Exponential Futures also includes the work of Isabelle Pauwels, Kevin Schmidt, and, as mentioned, Althea Thauberger. Schmidt’s video projection, Wild Signals (2007), which depicts light and smoke apparatuses from rock ‘n’ roll stage productions in a sublime winter landscape, is iconic. We delight in the actuality of this remote light show. Knowing that the music for the video was Schmidt’s own version of the score from the film CloseEncounters of the Third Kind is not necessary for this delight. Nevertheless, the score is deployed as a reference to justify the work, supplementing its presence with Spielberg’s already potent sequences.
With Isabelle Pauwels’ video, The Embellishers (2007), there is very little space between the work’s references (Vancouver’s most impoverished neighbourhoods and gentrification) and the screen, for what we witness is the inscription of these issues onto the actresses seen in her film. Pauwels and her sister, who perform a vulgar dialogue, occasionally donning monkey masks and using microphones, embody perhaps monstrous cliches of the working class. The low-fi staging and production of the film are congruent with the impoverished conditions it explores, and we experience the embarrassing intimacy of the two real life sisters performing together within such conditions.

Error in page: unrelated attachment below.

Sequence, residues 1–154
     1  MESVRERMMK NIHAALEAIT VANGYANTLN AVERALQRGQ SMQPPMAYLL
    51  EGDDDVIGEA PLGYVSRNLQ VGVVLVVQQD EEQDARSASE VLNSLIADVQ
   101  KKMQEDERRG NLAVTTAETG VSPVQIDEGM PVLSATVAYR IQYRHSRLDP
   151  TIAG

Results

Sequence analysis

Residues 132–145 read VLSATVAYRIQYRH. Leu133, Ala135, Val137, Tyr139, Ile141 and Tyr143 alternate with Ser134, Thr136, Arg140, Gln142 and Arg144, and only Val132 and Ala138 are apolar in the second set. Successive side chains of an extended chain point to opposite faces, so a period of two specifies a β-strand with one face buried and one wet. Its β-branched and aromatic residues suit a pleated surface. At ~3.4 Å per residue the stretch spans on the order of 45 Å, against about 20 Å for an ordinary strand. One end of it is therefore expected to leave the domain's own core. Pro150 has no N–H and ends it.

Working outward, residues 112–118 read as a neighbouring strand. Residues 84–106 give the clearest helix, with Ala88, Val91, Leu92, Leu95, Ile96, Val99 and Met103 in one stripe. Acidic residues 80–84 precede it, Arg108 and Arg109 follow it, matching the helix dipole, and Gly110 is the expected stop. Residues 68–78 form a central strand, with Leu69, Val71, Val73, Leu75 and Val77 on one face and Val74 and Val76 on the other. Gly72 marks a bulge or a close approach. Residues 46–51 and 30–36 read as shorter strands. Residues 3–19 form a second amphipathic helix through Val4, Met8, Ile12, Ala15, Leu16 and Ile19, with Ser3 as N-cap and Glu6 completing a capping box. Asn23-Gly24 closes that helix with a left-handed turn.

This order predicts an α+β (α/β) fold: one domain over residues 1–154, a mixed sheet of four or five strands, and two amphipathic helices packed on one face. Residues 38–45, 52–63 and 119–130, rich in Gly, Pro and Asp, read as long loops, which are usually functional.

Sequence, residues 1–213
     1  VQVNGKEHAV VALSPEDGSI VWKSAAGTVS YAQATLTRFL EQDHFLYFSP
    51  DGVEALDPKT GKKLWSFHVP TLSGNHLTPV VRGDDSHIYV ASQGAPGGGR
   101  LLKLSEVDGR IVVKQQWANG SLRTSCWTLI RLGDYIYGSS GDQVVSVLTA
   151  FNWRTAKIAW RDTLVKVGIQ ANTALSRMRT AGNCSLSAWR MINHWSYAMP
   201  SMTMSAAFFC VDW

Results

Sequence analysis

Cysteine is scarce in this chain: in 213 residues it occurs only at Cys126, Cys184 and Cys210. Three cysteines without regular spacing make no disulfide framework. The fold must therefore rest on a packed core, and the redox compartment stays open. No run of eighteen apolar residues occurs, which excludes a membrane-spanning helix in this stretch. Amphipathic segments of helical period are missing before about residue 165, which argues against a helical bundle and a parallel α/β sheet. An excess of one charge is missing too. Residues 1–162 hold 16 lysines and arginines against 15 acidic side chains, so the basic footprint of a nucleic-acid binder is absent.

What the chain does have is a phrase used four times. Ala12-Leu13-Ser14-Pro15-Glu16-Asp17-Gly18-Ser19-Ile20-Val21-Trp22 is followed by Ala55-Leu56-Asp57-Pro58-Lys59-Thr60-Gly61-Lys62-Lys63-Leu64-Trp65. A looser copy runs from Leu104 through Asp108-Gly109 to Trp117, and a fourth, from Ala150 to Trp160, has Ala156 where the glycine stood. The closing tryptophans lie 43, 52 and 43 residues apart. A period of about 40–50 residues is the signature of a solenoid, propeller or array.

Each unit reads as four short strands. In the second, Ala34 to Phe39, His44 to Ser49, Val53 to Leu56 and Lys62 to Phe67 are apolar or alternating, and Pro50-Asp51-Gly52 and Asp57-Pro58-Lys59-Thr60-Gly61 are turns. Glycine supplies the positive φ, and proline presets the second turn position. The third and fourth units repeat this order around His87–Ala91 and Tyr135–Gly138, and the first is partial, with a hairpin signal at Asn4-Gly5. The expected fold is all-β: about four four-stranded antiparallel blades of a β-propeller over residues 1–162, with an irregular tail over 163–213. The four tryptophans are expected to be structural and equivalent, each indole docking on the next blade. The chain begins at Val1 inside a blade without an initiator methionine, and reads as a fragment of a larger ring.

Finally, Thauberger’s video, Zivildienst [not equal to] Kunstprojekt (2007), captures a political conflict between a group of men trapped on a dark stage of scaffolding. A tension occurs between the theatrical tropes supplied by the inter-titles, and the actors’ inability to render them “properly” The men are mediocre actors, and expose their individual attempts to grapple with the power of the tropes. Thauberger’s collaboration with this troop of unprofessional actors provides a point of reference for understanding the work, but the experience of the figures’ faltering gestures is not a necessary component of its didactic intent.
Regardless of how the variety of subjects in Exponential Futures cohere, they share a positive attitude to research and referential chains of meaning. The works either attempt to posit an unusual constellation of signs in the discursive realm, or leave latent but purposeful signs, scattered for discourse to work upon. My fear is that some of these works indulge discourse in order to avoid important aesthetic difficulties that can be confusing to discursive understanding.
We must remember that even philosophy’s discursive mastery encounters great difficulty when used to approach art. This difficulty is, I would suggest, all but insurmountable, and so marks territory that is outside of, if related to, discourse. Exponential Futures flirts with this territory, acknowledging it, but abandoning its possibilities.